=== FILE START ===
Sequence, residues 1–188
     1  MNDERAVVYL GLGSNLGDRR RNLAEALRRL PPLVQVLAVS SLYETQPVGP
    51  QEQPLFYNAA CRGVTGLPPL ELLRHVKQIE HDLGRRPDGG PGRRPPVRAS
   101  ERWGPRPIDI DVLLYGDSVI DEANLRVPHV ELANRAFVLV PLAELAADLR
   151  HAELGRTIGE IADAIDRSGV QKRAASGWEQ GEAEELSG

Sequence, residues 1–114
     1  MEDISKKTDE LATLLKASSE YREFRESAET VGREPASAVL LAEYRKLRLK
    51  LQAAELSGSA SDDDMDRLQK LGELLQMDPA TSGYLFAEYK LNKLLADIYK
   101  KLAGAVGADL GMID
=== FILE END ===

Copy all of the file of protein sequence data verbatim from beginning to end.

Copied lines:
Sequence, residues 1–188
     1  MNDERAVVYL GLGSNLGDRR RNLAEALRRL PPLVQVLAVS SLYETQPVGP
    51  QEQPLFYNAA CRGVTGLPPL ELLRHVKQIE HDLGRRPDGG PGRRPPVRAS
   101  ERWGPRPIDI DVLLYGDSVI DEANLRVPHV ELANRAFVLV PLAELAADLR
   151  HAELGRTIGE IADAIDRSGV QKRAASGWEQ GEAEELSG

Sequence, residues 1–114
     1  MEDISKKTDE LATLLKASSE YREFRESAET VGREPASAVL LAEYRKLRLK
    51  LQAAELSGSA SDDDMDRLQK LGELLQMDPA TSGYLFAEYK LNKLLADIYK
   101  KLAGAVGADL GMID